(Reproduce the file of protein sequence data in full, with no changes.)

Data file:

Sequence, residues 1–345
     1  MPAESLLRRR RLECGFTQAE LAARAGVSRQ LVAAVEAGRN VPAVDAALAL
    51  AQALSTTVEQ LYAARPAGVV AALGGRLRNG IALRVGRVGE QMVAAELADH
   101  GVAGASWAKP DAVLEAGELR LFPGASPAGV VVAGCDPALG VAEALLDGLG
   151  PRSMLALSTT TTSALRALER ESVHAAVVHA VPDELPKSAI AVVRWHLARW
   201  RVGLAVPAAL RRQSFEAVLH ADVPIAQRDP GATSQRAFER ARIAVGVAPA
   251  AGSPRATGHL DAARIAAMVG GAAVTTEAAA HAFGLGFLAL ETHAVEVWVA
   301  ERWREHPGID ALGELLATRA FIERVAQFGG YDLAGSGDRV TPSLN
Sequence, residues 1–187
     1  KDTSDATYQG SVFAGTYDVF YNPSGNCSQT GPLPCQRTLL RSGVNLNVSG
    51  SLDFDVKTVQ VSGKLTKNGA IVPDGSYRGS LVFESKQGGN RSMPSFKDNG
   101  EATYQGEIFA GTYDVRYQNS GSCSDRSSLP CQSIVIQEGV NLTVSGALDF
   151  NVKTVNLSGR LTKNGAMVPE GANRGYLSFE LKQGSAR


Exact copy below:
Sequence, residues 1–345
     1  MPAESLLRRR RLECGFTQAE LAARAGVSRQ LVAAVEAGRN VPAVDAALAL
    51  AQALSTTVEQ LYAARPAGVV AALGGRLRNG IALRVGRVGE QMVAAELADH
   101  GVAGASWAKP DAVLEAGELR LFPGASPAGV VVAGCDPALG VAEALLDGLG
   151  PRSMLALSTT TTSALRALER ESVHAAVVHA VPDELPKSAI AVVRWHLARW
   201  RVGLAVPAAL RRQSFEAVLH ADVPIAQRDP GATSQRAFER ARIAVGVAPA
   251  AGSPRATGHL DAARIAAMVG GAAVTTEAAA HAFGLGFLAL ETHAVEVWVA
   301  ERWREHPGID ALGELLATRA FIERVAQFGG YDLAGSGDRV TPSLN
Sequence, residues 1–187
     1  KDTSDATYQG SVFAGTYDVF YNPSGNCSQT GPLPCQRTLL RSGVNLNVSG
    51  SLDFDVKTVQ VSGKLTKNGA IVPDGSYRGS LVFESKQGGN RSMPSFKDNG
   101  EATYQGEIFA GTYDVRYQNS GSCSDRSSLP CQSIVIQEGV NLTVSGALDF
   151  NVKTVNLSGR LTKNGAMVPE GANRGYLSFE LKQGSAR